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Encouraging self-directed group learning through an e-portfolio system

Electronic portfolio (e-portfolio) systems are increasingly common at various educational sites, especially at tertiary institutions. As Fitch et al. (2013) pointed out, “portfolios can foster the integration of theory, action, self-reflection, group learning, and assessment” (p.37) to enhance students’ voluntary learning. In many cases, homegrown e-portfolio systems are developed to suit the learner’s needs and teaching context. The current presentation is based on research investigating the value and usefulness of a homegrown e-portfolio project which is aimed to encourage self-directed group learning. The e-portfolio system was designed at a private Japanese university where a range of self-access facilities and ample private and group-study areas are available to all the students. Since continuing individual language learning is often challenging, the project required the students to form a group of four and study both individually and collaboratively for six weeks. After participating in a language learning workshop, these students planned and reflected on their language learning with the purpose of obtaining a higher score on the TOEIC or TOEFL test. Their learning records were kept in the e-portfolio and those who had made entries received feedback from an advisor on a weekly basis. The data gained from the e-portfolio system was complemented with a questionnaire, worksheets for group learning, and the pre and post-sessional TOEIC or TOEFL scores. Interviews were conducted with several students after the project in order to explore their experiences in the e-portfolio project.
The presentation will focus on three areas. The first area of consideration will include an overview of the e-portfolio system. The unique features of this system will be compared to the existing homegrown digital portfolio systems employed at universities with a focus on advising. Then, the presentation will describe the goal and process of the e-portfolio project undertaken at the Japanese university. Also, how the students managed to hold group learning sessions using the provided reflection handouts will be highlighted. Commonly, maintaining students’ motivation is a prominent issue. Thus, influences of group learning on motivation to continue studying and keeping records in the e-portfolio will be discussed. In addition, the contribution of this e-portfolio project to the students’ language learning will be examined. Analyzing both quantitative and qualitative data, this presentation will consider how the group e-portfolio project supported and stimulated students’ self-directed language learning and monitoring of their own progress at the Japanese university. The study will conclude by assessing the overall achievements and drawbacks of the group-based e-portfolio project. Through the presentation, participants will ponder possible ways to deepen students’ self-access learning experiences through an e-portfolio.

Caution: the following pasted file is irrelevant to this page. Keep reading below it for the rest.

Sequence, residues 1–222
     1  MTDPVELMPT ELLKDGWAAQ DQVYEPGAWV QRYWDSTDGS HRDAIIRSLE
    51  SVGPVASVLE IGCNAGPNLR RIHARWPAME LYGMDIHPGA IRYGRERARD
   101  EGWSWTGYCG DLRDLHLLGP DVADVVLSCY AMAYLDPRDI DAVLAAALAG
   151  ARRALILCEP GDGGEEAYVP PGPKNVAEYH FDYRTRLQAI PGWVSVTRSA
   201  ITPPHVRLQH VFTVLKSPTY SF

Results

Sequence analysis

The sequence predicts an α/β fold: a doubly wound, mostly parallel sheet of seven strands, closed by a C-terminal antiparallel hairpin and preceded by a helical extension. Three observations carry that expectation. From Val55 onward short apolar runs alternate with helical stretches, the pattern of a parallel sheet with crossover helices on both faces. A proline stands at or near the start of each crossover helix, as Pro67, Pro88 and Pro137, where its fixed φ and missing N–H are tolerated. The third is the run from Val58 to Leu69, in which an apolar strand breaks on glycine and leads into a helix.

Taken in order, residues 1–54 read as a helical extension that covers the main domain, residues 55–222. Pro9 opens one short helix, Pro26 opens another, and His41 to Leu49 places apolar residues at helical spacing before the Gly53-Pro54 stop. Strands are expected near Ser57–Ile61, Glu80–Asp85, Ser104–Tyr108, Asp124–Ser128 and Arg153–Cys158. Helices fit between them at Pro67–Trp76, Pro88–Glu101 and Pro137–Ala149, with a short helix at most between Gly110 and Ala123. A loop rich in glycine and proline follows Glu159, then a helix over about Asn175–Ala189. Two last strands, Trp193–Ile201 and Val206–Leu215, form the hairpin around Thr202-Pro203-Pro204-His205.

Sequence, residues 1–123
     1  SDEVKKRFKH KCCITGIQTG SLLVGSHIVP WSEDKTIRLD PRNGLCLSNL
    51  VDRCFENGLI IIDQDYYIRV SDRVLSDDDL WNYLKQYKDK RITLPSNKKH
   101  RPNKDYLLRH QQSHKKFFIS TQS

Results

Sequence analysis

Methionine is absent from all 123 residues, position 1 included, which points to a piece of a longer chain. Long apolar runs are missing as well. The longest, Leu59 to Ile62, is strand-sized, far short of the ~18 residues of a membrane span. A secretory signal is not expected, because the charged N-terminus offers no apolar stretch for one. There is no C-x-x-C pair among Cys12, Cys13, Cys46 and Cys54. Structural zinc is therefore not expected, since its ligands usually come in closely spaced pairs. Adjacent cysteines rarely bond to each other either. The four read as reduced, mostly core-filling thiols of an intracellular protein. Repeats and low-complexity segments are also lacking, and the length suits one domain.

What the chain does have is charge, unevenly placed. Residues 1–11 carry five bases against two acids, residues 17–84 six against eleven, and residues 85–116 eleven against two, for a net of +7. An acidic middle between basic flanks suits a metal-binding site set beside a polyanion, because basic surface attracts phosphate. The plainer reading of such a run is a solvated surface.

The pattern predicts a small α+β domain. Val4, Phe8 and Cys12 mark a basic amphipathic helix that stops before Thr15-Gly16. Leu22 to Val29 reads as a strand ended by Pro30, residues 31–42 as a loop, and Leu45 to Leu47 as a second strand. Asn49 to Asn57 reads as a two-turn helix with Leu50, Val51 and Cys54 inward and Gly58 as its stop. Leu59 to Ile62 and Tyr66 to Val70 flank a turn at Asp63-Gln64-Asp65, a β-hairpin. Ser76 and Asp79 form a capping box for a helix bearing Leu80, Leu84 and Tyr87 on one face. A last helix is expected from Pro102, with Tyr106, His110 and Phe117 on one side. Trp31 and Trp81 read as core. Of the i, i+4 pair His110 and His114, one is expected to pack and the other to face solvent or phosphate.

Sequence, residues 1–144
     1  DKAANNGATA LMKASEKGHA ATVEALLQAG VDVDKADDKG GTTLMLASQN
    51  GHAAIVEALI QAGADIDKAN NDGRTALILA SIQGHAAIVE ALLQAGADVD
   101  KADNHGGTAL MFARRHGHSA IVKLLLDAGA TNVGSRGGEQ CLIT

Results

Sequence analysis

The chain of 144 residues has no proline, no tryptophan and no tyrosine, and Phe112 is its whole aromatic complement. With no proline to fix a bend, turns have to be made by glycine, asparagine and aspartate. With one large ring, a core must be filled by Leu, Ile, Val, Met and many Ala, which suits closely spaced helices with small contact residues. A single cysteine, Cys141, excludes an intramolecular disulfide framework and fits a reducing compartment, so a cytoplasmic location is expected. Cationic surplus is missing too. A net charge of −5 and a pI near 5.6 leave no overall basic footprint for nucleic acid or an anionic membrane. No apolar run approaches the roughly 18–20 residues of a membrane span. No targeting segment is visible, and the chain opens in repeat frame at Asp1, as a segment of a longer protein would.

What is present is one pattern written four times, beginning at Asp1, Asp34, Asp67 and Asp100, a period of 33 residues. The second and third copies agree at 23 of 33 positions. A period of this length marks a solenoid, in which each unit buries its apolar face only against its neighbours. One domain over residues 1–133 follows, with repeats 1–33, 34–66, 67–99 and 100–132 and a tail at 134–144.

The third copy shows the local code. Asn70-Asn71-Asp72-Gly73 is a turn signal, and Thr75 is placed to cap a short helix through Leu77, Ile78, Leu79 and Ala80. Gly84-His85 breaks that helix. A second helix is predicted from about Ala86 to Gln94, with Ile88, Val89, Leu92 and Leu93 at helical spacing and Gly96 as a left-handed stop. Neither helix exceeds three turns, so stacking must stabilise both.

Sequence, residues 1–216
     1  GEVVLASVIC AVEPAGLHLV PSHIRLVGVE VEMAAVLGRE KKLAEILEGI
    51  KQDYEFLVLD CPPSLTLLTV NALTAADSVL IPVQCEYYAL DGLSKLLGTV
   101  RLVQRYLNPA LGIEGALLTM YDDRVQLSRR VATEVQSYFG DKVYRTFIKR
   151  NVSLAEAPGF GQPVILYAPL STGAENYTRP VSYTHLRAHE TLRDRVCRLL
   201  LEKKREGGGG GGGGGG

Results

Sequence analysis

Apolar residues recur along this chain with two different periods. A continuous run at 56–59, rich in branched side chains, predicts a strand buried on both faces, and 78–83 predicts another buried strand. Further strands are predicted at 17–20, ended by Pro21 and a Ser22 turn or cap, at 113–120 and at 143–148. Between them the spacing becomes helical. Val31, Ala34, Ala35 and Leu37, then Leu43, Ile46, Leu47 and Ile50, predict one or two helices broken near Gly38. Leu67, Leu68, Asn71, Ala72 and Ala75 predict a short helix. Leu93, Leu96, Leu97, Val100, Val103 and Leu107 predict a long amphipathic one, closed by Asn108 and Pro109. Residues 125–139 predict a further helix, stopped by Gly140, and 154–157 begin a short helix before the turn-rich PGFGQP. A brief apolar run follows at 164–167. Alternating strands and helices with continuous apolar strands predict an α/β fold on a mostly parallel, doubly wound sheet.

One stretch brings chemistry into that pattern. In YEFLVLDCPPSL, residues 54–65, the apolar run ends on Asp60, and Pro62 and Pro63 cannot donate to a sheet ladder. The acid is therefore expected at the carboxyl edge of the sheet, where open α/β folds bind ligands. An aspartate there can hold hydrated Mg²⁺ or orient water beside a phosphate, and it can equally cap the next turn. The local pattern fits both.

Eri Fukuda    
World Language Center
Soka University

Eri Fukuda is an Assistant Lecturer in the World Language Center at Soka University in Japan. She earned her MA in Education from Soka University in 2011. Her research interests include second language writing pedagogy, writing process, and CALL.

Mitsuko Suzuki    
World Language Center
Soka University

Mitsuko Suzuki is an Assistant Lecturer in the World Language Center in Soka University She received her MA in International Language Education: TESOL from Soka University in 2011. Her research interests include language learners’ motivation, professional career development, and CALL.

Shinichi Hashimoto    
Faculty of Informatics and Engineering
The University of Electro-Communications

Shinichi HASHIMOTO is currently a part-time lecturer at The University of Electro-Communications in Tokyo. Born in Japan, but living mostly in the United States, he received his MA in TESOL from Soka University of America in 1997. He has authored and edited several books related to English study and usage for a Japanese audience.

Hironobu Okazaki    
Research and Education Center for Comprehensive Science
Akita Prefectural University

Hironobu OKAZAKI is an associate professor in Research and Education Center for Comprehensive Science at Akita Prefectural University in Japan. He received an MA in English literature from Soka University, Tokyo. In addition to teaching, he has authored several books for Japanese learners of English.


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